Image source: “Sumac on Ruhamah (7)” flickr photo by Martin LaBar (going on hiatus) shared under a Creative Commons (BY-NC) license

The Crystal Clarity of Romans — Intro


“Perspicuity refers to something that can be seen through, i.e., to lucidity, clearness of style or exposition, freedom from obscurity: the perspicuity of her argument” (, and I contend that Paul’s grand meaning in Romans is perspicuous.

Certainly, there are debates about whether the righteousness that was reckoned to Abraham and to us describes just a change in our judicial standing or also a qualitative change in our nature. Certainly, there are debates over the identity of the wretched man in Romans 7, and over other details.Certainly, the world has seen many better-disciplined rhetoricians than Paul, Nevertheless, I believe that any confusion over his grand meaning has arisen because scholars have so obsessed over details that they have lost sight of the forest in their preoccupation with trees and twigs.

In this series of posts, I will attempt to show that the substantive meaning of Romans is indeed perspicuous, despite the ill-directed efforts of some scholars who have made it seem otherwise.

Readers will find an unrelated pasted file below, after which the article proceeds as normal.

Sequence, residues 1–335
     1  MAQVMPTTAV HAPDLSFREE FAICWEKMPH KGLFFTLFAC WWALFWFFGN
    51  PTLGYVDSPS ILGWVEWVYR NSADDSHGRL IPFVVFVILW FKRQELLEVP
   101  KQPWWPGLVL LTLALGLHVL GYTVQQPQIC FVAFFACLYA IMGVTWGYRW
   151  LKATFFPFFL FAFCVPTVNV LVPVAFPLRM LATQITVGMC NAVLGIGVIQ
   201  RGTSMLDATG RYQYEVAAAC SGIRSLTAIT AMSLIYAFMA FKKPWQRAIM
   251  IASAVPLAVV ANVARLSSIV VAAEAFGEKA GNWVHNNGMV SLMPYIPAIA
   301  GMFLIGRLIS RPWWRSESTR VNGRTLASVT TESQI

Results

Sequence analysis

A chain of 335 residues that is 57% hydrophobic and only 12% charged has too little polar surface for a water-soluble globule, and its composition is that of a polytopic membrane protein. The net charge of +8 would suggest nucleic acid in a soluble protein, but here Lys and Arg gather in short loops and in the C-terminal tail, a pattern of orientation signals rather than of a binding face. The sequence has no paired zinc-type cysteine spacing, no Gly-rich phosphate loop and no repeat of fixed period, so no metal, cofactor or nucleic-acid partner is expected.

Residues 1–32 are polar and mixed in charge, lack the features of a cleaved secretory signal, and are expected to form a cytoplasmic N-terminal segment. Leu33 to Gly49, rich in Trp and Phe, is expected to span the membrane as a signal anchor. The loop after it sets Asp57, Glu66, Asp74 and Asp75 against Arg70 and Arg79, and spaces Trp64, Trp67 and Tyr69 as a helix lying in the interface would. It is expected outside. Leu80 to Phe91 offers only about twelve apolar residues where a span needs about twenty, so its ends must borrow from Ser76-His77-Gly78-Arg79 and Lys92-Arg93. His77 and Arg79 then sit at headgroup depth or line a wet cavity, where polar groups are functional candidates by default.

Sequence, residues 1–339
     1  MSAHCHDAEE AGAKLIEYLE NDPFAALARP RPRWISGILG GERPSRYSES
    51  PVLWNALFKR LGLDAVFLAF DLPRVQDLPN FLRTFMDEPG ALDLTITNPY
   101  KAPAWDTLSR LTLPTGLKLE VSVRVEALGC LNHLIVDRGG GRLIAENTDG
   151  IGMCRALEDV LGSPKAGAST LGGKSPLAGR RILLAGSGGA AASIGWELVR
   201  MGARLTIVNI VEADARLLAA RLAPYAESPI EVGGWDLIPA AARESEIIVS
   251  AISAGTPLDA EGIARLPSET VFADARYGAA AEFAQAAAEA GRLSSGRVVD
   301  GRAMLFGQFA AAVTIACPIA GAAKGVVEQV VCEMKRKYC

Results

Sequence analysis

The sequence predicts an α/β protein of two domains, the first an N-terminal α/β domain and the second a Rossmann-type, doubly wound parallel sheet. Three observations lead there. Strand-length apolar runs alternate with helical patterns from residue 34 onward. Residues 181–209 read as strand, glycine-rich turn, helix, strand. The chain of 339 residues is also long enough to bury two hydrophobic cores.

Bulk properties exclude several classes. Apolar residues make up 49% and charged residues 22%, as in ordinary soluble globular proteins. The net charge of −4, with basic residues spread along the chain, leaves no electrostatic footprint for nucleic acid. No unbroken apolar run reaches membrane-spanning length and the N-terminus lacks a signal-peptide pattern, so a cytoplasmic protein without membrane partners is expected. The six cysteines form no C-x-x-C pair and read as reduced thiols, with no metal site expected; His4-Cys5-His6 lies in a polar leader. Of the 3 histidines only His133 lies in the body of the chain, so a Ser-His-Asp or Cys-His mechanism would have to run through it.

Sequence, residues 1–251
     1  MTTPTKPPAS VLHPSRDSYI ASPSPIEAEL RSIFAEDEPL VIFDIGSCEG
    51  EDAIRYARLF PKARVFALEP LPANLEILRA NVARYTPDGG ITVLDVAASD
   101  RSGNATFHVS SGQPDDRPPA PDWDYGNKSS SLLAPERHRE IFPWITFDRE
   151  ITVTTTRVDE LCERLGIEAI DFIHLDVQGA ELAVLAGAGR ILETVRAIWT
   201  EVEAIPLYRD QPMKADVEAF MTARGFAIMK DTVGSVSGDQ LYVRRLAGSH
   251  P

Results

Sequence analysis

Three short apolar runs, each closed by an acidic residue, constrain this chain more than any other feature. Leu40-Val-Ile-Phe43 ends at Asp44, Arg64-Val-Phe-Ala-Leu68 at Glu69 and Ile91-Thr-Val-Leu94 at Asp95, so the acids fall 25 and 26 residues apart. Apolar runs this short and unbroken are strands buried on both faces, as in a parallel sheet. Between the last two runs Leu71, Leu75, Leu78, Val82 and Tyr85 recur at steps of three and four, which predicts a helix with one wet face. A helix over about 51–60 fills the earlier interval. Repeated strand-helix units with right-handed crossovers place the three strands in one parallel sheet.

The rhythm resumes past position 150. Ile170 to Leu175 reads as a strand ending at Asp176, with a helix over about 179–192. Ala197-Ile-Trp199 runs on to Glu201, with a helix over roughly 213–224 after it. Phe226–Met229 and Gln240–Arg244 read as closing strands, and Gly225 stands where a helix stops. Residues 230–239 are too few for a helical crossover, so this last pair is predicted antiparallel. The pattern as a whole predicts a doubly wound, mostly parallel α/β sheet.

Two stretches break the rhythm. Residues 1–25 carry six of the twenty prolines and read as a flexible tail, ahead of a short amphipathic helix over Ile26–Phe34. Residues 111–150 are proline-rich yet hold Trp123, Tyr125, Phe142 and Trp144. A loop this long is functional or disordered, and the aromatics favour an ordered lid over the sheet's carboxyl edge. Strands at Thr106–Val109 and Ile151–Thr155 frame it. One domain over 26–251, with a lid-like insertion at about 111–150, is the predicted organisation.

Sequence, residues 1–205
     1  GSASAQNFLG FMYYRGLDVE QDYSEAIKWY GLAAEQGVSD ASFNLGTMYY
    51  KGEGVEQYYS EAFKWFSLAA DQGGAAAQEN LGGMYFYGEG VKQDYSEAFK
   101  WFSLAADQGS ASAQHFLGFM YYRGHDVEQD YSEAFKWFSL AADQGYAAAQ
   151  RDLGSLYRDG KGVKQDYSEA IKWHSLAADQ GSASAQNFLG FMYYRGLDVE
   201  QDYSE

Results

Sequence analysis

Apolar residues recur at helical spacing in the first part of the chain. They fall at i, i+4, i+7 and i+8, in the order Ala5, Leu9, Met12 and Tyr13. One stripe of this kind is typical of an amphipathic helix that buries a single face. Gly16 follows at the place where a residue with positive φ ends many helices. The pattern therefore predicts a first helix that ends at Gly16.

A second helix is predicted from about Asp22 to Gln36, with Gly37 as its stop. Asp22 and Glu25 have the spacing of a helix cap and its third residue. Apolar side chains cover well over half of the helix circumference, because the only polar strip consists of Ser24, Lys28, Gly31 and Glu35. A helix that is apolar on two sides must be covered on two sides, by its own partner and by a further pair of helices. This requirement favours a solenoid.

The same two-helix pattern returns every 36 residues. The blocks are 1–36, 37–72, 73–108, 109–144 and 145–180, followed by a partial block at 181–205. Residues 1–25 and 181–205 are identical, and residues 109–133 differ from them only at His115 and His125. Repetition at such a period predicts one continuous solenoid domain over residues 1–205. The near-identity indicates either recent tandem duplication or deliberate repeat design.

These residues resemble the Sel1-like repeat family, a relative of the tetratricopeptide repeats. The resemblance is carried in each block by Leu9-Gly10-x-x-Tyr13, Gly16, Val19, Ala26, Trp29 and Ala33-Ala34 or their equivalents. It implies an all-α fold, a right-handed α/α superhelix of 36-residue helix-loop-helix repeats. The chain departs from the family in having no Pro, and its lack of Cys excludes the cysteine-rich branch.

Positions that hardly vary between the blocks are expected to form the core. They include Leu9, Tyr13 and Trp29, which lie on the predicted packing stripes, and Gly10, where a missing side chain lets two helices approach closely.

In these posts, the Greek text is from The Greek New Testament: SBL Edition.  Copyright © 2010 by Society of Biblical Literature and Logos Bible Software. If the English translation source of a passage is not identified, it is my own; otherwise it is identified by one of the standard abbreviations – ASV, ESV, KJV, NIV, etc.

I have included transliteration of most of the Greek passages mainly for the benefit of my teenage grandson, who often takes an interest in my tweets and blog posts.

The image at the head of this post was found at Attribution: Trish Steel

Introductory Comments

There was a message that was clear in Paul’s own mind, and that he wished to communicate to the Christians in Rome, who were believers from both Gentile and Jewish backgrounds. When he despatched his letter, he obviously thought he had written something that was fit for purpose, something intelligible to ordinary Jews, Greeks, and Romans who had an everyday grasp of Greek and an ordinary grasp of the culture that surrounded them. We can take it that his intent was the same as the one that he expressed to the Corinthians, “οὐ γὰρ ἄλλα γράφομεν ὑμῖν ἀλλ’ ἢ ἃ ἀναγινώσκετε ἢ καὶ ἐπιγινώσκετε”, “For we do not write you anything you cannot read or understand” (2 Cor. 1:13 – English translation is from the NIV).  Therefore, we should expect to find his chief points of doctrine boldly stated, and nothing material hidden behind subtleties that only a scholar amongst the recipients could understand.